Re: Lies, damned lies, and statistics that don't lie.
it is therefore a simple logical fact that there can be no such thing as a backwards-compatible new version. You can't invent a way for a machine that believes all addresses are 32 bits long to receive or send packets with longer addresses.
That's not quite correct. There's certainly no way for a machine that believes all addresses are 32 bits long to correctly interpret longer addresses, but it can certainly process them to some extent if it thinks those longer addresses are just part of the data, say in a header extension.
The trick with any backwards-compatible protocol is to create packet formats that new-version systems can fully understand, and old-version systems can at least process enough to get them to some translator or gateway system from where they can be routed. It usually looks like a horrible kludge, which is why the IETF academics ruled it out, but it need not be impossible, at least as a transition measure.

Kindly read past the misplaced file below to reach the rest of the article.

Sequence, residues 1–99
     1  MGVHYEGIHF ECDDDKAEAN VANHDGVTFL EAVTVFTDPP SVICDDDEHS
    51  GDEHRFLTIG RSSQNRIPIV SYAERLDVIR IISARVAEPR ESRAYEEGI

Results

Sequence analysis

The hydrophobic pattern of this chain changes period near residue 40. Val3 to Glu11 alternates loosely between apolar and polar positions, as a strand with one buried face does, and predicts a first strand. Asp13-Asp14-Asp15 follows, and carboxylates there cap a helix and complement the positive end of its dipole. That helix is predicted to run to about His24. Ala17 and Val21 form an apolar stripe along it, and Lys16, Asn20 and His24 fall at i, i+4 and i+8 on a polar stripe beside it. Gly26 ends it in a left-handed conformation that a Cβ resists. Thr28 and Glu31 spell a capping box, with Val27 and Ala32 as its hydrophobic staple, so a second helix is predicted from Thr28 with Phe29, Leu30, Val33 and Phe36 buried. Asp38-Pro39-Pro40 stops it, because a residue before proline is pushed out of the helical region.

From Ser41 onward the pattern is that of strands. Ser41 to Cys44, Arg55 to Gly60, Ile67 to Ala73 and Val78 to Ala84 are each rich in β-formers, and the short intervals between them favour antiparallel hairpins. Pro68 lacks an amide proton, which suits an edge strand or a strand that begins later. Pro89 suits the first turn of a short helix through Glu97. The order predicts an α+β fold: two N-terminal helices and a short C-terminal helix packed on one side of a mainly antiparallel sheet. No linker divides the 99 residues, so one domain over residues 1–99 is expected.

The big problem has always been that if you plug an IPv6 device onto a network that is 100% IPv4, it's just a doorstop. There's no way, not even a kludgy, inefficient, way, that an unmodified IPv4 router can get an IPv6 packet to somewhere where it can be processed correctly.